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Buy-to-let is a special kind of lending which should not seen as an easy way of making money. It is more complicated, riskier and time consuming as compared to most forms of investments. However, having a second property to rent can give better financial rewards over a period of time.

In general, buy to let mortgages are not regulated by the Financial Conduct Authority

The interest rates and upfront deposits on buy-to-let mortgages are higher as compared to normal mortgages. The mortgage will be offered based on the rent you will earn from the property and your income. In some cases your income is not even considered.

There are 3 main differences in buy to let mortgages:

  • Rent Potential - the decision as to whether or not a mortgage will be offered is usually based on the rent you will earn as well as your income. In some cases your income is not ever considered.
 
  • Interest Rate - buy to let mortgages have slightly higher interest rates.
 
  • Larger Deposit - typically a minimum of 20% or 25% of the property's value is required as a deposit.

It is important to evaluate the reason for buying a new property; to earn money month on month or to make profit due to the increased equity prices, as this decision will affect the type of property you wish to purchase. You also need to consider the additional costs apart from the monthly mortgage repayments.

As a thumb rule, your rent should be more than 135% of the mortgage repayments as the additional funds are required to cover the additional cost should anything go wrong. For eg,

These additional costs include:

  • Property upkeep - maintenance costs for the property.
  • Letting agent's fees - letting agents charge around 10% of the monthly rent for finding and vetting tenants with an additional cost of around 5% if you require a full management service.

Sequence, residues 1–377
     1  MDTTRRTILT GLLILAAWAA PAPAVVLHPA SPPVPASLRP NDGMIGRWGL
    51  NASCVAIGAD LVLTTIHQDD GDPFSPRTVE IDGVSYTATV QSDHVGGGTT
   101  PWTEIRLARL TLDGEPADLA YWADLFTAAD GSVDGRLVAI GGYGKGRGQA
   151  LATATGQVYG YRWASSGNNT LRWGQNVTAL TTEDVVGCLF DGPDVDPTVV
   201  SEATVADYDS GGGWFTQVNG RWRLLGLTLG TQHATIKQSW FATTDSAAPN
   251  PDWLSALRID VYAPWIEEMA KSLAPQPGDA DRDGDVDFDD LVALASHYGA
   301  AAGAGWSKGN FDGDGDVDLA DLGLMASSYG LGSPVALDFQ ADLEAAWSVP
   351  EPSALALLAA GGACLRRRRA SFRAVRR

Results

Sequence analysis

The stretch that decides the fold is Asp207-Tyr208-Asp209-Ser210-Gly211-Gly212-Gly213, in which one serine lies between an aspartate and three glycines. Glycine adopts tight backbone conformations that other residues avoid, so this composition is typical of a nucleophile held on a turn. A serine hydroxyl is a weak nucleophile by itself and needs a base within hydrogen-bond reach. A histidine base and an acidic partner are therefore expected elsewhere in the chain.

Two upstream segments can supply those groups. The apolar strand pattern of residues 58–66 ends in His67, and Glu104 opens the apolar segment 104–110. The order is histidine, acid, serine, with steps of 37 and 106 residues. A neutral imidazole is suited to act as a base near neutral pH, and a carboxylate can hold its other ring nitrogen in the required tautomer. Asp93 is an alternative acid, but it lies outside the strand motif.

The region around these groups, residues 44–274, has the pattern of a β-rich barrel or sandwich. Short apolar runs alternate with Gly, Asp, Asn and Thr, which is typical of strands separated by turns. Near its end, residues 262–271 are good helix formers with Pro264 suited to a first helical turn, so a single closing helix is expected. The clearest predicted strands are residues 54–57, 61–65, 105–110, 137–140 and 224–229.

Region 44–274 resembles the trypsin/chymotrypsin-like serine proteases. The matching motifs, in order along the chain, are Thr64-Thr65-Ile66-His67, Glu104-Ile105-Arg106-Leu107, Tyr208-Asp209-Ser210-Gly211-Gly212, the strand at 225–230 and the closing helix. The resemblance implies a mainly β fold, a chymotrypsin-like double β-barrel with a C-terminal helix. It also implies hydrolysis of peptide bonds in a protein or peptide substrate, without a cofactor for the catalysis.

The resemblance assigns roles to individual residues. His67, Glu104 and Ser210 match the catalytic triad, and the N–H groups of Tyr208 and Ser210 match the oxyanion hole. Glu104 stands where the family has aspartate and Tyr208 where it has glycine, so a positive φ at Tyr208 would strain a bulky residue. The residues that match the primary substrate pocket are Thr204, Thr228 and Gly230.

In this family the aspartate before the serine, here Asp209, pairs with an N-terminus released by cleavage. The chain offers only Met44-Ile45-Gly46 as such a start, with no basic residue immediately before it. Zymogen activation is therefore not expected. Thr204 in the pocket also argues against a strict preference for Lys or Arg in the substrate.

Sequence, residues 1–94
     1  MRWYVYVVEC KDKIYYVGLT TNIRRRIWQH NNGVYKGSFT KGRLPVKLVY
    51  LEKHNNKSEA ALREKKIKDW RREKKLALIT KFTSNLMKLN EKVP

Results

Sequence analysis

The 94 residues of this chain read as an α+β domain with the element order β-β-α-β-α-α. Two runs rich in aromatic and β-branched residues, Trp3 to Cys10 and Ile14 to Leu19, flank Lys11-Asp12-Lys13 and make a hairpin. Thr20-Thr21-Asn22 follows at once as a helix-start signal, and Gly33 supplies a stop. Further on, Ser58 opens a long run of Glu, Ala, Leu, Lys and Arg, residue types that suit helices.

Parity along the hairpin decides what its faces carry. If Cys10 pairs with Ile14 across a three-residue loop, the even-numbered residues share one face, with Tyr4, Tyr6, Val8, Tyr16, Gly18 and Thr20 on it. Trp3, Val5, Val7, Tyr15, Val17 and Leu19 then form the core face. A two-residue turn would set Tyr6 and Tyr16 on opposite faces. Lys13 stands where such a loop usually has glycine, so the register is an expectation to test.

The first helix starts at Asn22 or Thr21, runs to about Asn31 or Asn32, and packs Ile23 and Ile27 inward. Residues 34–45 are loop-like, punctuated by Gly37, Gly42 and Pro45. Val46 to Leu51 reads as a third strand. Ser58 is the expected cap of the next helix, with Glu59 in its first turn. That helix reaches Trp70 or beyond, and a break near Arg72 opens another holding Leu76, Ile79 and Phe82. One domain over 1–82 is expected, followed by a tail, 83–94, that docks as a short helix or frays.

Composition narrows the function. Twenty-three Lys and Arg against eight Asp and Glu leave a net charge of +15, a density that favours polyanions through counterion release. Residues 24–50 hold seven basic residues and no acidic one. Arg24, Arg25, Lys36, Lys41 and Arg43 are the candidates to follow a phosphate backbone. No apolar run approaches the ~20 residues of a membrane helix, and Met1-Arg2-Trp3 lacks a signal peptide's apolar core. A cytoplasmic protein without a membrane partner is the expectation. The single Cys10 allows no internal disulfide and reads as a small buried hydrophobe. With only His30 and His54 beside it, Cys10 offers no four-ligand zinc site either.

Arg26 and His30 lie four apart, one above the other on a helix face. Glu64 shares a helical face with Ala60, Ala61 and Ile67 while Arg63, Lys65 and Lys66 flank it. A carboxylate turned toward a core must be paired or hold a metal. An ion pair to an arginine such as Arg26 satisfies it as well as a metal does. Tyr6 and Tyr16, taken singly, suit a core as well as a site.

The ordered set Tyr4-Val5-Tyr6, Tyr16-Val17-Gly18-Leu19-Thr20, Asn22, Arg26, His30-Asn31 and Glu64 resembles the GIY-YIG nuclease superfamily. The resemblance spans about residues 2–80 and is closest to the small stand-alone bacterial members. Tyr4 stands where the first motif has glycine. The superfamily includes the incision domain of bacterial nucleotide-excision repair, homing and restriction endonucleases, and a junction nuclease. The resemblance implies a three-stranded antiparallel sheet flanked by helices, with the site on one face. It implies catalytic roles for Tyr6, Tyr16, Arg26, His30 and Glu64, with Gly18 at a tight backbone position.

• Ground rent / service charges - applicable to leasehold properties.
  • Legal insurance - to cover costs from evicting tenants in the event of non-payment, very important, as this can be very expensive.
 
  • Insurance - building insurance and contents insurance for the items provided as part of the rental agreement.
 
  • Furnishings - the purchase of any furniture. If the property is to be let furnished, make sure you are covered for this by your home insurance.
  • Gas / electrical appliances - cost of maintaining appliances and ensuring they comply with any regulations such as safety tests.
 
  • Decorating costs - the property may require work ranging from painting, to a new bathroom suite before it is suitable for letting to tenants

Professional advice can be invaluable for buy-to-let investors, especially for those who are becoming property investors for the first time.

Our mortgage brokers can guide you through every step and direct you to the best mortgage deals for your circumstances.

And remember, because an Independent Financial Adviser can search the entire Insurance market, you can be certain you are getting the most suitable deal available as per your situation. 

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